Regarding the podcast, SNOC took issues with matters including Soh’s comment on religion, his use of an expletive during a marathon anecdote, joking about a teammate’s emotional attachment to the national anthem, his reflection on reasons for non-selection in a previous SEAG, and discussions on sportsmanship.

SNOC also had concerns about Soh’s remarks on code of conduct rules, past controversies, personal interactions, and criticism of certain social media accounts.

It raised concerns over 23 posts made by Soh between March and May 2023.

For example, SNOC took issue with Soh’s criticism of his fellow runner Ashley Liew, his actions of cutting holes in his singlet during the 2017 SEA Games, his response to a comment about taxpayer funding, and his references to controversies surrounding his non-selection.

In an Instagram post where Soh appeared in a photo with Workers’ Party’s Jamus Lim, a comment tagged Tan Chuan-Jin, asking whether he had unblocked Soh. Soh responded, “I prefer not to speak, if I speak I’m in big trouble.”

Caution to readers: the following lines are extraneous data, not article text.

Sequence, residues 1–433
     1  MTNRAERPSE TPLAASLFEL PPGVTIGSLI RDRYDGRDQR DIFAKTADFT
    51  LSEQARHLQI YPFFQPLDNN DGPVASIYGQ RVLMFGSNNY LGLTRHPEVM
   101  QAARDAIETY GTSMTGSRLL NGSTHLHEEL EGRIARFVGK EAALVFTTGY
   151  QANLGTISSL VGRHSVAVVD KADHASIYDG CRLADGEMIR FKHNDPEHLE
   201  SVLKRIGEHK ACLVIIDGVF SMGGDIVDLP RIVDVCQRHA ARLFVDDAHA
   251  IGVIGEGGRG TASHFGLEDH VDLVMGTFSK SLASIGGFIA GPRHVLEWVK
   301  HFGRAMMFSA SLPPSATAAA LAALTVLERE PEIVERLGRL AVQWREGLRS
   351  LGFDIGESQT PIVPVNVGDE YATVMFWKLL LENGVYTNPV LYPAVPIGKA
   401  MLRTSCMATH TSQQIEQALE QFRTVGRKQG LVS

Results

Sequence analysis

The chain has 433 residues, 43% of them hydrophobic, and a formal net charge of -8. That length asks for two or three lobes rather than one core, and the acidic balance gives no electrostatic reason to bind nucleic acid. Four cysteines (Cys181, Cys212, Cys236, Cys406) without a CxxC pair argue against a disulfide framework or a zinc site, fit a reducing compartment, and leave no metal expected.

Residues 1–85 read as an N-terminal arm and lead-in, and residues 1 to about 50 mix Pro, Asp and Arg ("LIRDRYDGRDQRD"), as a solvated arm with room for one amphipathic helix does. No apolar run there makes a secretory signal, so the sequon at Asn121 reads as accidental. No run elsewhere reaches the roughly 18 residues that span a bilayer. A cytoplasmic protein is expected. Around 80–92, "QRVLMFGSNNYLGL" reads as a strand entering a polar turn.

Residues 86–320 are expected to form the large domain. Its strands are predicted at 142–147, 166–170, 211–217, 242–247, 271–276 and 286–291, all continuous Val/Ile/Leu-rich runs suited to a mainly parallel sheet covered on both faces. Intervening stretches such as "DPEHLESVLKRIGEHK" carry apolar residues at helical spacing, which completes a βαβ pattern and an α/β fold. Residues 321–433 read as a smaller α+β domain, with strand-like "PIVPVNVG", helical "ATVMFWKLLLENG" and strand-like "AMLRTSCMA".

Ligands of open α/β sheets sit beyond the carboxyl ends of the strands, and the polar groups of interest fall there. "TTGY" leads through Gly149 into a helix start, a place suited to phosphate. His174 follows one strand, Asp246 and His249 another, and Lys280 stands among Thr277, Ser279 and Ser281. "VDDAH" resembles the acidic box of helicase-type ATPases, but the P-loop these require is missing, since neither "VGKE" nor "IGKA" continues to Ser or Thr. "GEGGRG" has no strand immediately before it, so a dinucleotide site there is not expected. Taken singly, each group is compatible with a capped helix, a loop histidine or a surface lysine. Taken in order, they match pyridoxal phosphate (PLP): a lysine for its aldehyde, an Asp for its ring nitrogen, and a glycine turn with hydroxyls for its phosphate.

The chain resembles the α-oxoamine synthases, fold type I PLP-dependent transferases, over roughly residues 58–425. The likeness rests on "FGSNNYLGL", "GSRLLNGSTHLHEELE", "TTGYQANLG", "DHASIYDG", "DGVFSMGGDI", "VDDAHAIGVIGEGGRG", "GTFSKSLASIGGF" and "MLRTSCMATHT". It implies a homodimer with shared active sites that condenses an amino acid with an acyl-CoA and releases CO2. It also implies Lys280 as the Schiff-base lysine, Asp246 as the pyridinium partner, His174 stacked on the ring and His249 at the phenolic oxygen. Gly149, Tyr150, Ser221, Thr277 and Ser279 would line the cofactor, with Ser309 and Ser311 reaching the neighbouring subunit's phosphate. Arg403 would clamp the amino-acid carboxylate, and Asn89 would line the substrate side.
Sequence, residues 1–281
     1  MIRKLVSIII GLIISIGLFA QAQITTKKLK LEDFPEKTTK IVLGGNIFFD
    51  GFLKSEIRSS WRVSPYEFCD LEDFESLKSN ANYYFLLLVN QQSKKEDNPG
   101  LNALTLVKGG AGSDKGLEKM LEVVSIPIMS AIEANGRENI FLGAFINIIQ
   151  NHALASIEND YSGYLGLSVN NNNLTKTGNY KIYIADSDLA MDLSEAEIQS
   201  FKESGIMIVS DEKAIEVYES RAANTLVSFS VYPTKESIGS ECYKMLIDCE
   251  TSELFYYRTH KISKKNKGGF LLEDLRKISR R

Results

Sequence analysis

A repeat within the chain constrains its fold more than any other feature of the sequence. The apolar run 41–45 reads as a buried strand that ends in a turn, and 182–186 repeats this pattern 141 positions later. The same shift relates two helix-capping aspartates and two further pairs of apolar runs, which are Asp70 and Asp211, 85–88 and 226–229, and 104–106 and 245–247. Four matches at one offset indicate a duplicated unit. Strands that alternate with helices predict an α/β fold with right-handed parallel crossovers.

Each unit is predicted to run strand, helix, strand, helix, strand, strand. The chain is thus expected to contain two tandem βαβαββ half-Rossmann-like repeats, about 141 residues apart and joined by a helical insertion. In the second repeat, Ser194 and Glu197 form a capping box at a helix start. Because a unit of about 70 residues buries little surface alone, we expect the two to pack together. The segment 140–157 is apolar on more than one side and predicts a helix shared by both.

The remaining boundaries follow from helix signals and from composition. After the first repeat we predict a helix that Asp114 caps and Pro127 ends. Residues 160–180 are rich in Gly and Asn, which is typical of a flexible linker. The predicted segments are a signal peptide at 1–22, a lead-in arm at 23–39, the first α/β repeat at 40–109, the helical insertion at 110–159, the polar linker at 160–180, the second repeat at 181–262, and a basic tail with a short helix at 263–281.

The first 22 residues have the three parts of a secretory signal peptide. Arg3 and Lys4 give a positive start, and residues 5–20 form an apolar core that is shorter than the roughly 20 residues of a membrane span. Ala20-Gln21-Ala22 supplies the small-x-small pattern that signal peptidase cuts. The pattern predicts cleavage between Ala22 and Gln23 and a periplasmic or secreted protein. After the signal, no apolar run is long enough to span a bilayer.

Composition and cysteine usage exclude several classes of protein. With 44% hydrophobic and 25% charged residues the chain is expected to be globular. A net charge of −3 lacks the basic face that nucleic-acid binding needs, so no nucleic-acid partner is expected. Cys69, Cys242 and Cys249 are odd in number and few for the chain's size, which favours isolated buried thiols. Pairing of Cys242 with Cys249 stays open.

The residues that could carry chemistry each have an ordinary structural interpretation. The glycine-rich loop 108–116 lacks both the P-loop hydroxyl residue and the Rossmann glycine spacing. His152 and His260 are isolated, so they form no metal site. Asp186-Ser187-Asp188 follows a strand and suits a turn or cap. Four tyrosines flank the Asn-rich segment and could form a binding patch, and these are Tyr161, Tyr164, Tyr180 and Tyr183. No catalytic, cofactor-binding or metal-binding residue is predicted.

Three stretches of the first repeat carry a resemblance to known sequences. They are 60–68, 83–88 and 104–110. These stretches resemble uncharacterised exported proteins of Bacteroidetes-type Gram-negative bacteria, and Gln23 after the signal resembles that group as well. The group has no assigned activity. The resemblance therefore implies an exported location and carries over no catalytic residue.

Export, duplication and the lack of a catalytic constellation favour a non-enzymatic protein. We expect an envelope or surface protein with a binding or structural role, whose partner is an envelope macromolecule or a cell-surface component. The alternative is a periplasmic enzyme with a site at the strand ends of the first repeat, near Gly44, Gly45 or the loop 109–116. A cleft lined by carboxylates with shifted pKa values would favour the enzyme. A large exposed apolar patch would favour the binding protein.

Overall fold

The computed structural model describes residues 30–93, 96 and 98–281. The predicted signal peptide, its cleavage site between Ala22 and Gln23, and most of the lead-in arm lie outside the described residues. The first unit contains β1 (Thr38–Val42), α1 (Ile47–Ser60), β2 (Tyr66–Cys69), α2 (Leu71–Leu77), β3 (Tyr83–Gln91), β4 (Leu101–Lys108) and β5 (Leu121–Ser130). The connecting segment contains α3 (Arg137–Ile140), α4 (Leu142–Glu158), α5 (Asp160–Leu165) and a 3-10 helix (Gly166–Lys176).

Netizens questioned why penalize Soh for what they considered to be trivial remarks

However, upon seeing the news, numerous netizens took to The Straits Times’ Facebook post to express their confusion and questioned why the SNOC would penalize Soh for what they considered to be trivial remarks.

For instance, one netizen highlighted the contrast that on the one hand government encourages citizens to be entrepreneurial and “think out of the box”, but at the same time, they seem to suppress those who speak out and don’t conform to the established norms.